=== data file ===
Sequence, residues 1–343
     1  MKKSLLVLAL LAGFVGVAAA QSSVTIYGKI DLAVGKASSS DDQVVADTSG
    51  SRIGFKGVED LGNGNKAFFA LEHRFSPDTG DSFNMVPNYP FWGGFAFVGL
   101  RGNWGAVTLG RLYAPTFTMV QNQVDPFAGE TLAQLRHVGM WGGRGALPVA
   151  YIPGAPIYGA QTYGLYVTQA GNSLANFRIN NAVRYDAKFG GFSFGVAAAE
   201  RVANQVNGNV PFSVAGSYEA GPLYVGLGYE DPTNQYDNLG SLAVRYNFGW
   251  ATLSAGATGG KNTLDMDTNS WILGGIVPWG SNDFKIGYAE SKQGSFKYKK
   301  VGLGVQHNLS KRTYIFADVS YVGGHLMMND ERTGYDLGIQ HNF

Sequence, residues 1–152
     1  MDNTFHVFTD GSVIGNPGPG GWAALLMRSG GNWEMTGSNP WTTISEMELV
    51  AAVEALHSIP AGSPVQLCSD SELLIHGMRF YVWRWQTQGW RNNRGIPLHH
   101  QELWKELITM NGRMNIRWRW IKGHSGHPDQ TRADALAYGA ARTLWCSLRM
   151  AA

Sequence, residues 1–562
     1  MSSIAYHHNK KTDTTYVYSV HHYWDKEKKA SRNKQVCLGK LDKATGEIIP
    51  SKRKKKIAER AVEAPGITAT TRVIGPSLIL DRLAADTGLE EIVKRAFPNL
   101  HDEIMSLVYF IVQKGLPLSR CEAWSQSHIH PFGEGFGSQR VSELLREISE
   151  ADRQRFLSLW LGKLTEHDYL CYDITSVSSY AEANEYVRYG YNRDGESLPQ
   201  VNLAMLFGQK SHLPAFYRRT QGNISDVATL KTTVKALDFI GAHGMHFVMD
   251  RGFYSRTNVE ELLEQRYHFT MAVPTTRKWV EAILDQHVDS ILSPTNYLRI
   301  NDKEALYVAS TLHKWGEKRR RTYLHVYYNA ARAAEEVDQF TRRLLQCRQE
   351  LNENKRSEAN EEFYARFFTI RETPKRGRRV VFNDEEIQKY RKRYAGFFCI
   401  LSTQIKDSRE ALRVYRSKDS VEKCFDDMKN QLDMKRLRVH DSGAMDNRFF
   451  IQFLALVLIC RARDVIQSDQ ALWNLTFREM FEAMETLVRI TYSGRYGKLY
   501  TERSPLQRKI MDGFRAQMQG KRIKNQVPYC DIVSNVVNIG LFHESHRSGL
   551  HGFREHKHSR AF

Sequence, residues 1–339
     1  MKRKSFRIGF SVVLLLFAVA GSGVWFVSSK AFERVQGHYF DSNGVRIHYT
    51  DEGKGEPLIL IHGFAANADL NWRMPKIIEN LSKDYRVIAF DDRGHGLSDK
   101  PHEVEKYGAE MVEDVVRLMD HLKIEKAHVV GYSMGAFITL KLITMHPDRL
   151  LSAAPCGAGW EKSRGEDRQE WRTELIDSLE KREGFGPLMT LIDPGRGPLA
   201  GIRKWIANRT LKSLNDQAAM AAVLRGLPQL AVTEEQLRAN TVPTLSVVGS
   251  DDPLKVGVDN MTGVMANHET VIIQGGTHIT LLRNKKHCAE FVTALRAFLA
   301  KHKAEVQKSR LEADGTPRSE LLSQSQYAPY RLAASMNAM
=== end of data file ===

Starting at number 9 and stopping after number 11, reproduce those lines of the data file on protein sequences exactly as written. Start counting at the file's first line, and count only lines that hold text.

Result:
Sequence, residues 1–152
     1  MDNTFHVFTD GSVIGNPGPG GWAALLMRSG GNWEMTGSNP WTTISEMELV
    51  AAVEALHSIP AGSPVQLCSD SELLIHGMRF YVWRWQTQGW RNNRGIPLHH